Cops fork out $300,000 to battle FOI requests
Exclusive: The Australian Federal Police spent more than $300,000 in just over two years hiring some of the nation's top flight legal firms as it battled to manage hundreds of freedom of information requests.
It has been revealed the AFP spent $70,000 just in the past six months with one of the big law firms, Clayton Utz, which came under fire in the banking royal commission for being complicit in AMP misleading ASIC, the corporate regulator.
Documents obtained under Freedom of Information laws by News Corp show during the past two years the AFP "seconded lawyers", to process and review FOI requests also paying:
Almost $120,000 to the Australian Government Solicitor's office;
$90,981.38 to national law firm Mills Oakley;
$24,496.00 to Canberra law firm Meyer Vandenburg;
$3,398.00 to international law firm Minter Ellison.
The AFP has also revealed that it has paid contractors from Allygroup, which provides legal consulting services, and Hays, a specialist global recruiting firm which provides diverse services - but it is not known what work was carried out nor how much they have been paid.
Government outsourcing has been seen as a way to cut costs, but also to avoid transparency and Australia's FOI laws, because documents produced by public servants are subject to FOI, but documents from private contractors do the same work as public servants are not.
Emeritus Professor Richard Mulgan from the Crawford School of Public Policy at The Australian National University has written a paper, Transparency and the Performance of Outsourced Government Services, stating private contractors in an outsourcing arrangement are not directly subject to FOI laws.
But the AFP has denied outsourcing FOI requests to avoid scrutiny.
"The use of law firms or other outside resources is to address short term capacity issues. The AFP does not use law firms or legal professional privilege to avoid our FOI obligations, or the release of information," said an AFP spokesman.
"As AFP appointees seconded to work with the AFP any work they do is subject to disclosure under FOI," he said.
In 2017-18, the AFP received 682 FOI requests and eight internal reviews and in the following year 2018-19, the AFP received 726 requests and 25 internal reviews.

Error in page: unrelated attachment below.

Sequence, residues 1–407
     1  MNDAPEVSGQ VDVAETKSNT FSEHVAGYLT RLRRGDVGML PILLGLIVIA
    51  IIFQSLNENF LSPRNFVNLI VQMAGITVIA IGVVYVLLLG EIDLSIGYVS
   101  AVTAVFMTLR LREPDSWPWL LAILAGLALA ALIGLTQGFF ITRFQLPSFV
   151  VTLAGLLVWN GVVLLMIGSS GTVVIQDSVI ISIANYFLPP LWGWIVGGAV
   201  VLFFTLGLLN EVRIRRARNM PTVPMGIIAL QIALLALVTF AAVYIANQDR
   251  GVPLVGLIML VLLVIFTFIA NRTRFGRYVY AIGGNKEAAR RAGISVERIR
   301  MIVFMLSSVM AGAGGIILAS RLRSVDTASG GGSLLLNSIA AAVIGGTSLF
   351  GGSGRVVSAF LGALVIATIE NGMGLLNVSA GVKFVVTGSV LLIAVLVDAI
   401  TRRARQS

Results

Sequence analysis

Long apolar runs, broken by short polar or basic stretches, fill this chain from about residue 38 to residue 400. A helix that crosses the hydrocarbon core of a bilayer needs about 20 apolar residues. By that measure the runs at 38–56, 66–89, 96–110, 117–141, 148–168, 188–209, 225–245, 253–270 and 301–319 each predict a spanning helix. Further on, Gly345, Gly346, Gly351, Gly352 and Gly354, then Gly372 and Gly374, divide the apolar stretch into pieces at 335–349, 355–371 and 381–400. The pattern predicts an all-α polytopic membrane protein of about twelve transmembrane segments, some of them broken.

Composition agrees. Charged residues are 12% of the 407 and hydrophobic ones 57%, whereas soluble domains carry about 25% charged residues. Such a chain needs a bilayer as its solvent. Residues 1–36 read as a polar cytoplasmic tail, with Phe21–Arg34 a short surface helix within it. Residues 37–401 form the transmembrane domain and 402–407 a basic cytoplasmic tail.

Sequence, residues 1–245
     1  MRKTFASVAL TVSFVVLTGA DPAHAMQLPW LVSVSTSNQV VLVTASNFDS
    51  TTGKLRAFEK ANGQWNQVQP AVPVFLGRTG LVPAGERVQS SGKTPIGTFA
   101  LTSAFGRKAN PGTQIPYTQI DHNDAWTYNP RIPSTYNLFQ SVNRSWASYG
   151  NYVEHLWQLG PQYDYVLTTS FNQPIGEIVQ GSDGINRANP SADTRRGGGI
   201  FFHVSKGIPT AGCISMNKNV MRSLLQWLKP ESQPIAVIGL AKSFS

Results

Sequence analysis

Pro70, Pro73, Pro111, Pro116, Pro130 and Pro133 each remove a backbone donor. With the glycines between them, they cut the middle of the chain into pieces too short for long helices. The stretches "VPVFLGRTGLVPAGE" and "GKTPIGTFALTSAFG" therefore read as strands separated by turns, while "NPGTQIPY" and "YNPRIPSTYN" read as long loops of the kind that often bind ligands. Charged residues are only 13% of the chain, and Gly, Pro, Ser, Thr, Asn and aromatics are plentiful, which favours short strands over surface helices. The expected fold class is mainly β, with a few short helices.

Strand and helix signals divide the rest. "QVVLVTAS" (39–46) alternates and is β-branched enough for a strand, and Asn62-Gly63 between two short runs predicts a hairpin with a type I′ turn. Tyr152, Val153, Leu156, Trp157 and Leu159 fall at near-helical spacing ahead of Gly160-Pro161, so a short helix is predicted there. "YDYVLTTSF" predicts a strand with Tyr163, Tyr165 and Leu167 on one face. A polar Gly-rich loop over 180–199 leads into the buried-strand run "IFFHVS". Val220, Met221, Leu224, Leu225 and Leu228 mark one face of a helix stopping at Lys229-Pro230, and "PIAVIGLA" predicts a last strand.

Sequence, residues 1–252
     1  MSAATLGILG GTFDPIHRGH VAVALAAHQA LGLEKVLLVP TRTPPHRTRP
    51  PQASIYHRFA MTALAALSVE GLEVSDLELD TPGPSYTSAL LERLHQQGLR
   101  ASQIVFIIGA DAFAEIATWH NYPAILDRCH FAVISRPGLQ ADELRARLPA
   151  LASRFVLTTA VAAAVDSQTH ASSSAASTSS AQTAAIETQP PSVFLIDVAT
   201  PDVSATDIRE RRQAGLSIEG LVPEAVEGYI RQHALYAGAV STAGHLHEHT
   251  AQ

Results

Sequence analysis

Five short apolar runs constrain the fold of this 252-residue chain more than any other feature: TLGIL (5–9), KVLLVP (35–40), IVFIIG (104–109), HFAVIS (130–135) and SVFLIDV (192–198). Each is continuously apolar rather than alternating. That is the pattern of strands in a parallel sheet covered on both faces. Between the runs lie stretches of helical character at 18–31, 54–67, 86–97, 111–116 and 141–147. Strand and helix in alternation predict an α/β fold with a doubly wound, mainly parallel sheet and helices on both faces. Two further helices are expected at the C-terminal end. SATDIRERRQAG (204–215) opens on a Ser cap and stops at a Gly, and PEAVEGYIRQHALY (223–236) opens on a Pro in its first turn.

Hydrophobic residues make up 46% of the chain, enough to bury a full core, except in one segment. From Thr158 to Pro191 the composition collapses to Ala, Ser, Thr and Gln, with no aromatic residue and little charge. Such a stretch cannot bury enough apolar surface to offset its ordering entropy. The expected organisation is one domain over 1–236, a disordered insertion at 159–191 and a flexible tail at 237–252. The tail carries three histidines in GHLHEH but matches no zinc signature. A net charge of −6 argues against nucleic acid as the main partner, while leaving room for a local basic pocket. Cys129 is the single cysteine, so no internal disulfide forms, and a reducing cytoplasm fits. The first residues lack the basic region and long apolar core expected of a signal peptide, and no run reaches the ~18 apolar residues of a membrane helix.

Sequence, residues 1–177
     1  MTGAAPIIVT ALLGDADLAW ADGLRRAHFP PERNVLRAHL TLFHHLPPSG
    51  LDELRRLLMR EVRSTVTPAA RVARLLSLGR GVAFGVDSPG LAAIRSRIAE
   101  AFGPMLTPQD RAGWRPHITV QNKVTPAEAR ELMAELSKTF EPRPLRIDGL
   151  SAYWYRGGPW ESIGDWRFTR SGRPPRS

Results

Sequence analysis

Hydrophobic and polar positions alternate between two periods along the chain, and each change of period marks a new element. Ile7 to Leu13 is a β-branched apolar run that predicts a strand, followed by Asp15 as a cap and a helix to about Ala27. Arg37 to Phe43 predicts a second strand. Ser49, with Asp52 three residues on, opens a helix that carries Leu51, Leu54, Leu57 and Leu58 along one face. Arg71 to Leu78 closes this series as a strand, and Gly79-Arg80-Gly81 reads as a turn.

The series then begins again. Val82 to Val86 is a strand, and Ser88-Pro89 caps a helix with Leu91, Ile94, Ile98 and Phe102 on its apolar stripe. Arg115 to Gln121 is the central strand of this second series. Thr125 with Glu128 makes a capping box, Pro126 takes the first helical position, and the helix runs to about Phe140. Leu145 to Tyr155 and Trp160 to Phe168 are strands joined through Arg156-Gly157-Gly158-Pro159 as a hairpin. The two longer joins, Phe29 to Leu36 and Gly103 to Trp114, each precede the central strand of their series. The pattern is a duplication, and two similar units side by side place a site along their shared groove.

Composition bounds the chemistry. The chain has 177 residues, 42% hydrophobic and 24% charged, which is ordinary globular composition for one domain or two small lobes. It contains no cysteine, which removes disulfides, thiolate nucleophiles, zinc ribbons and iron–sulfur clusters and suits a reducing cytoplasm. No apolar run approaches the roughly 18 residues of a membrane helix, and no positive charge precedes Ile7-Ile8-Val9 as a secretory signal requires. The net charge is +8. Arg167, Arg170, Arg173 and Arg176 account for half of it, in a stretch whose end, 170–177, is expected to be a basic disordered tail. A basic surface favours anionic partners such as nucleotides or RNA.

Over the same time period 640 FOI requests and seven internal reviews were processed. In 2018-19, the AFP processed 758 requests (the number includes ongoing requests) and 23 internal reviews.
The AFP spokesman said the AFP receives an increasing number of FOI requests every year, of which many often both complex and significant.
The spokesman said the most cost effective and efficient way for the AFP to address short term increases in requests is to bring additional resources into the AFP with access to AFP systems and the relevant people and delegates.
"Given the significant and sensitive nature of much of the material the AFP holds and processes, the AFP often seeks secondees (usually junior lawyers) from the 'whole of government' legal services panel firms to assist in FOI processing. However, the AFP has also from time to time purchased additional resources (contractors) from Allygroup and Hays, as well as secondees from other Commonwealth agencies to assist in processing FOI requests," he said.
He said while they remain employees of their firms or agencies, they hold AFP security clearances, are given access to AFP systems and are AFP appointees subject to the same professional standards, secrecy and reporting provisions as other AFP employees.
But the AFP has denied outsourcing FOI processing or FOI decision making, except for limited matters.
"Occasionally, for significant, long running, highly complex matters, or ones where the FOI team could be seen to have a perceived conflict of interest the AFP will engage the Australian Government Solicitor, to assist by providing advice and collating material relevant to the request, and providing advice and recommendations to the decision maker," said the spokesman.
"Even in these matters, the AFP delegate remains the decision maker."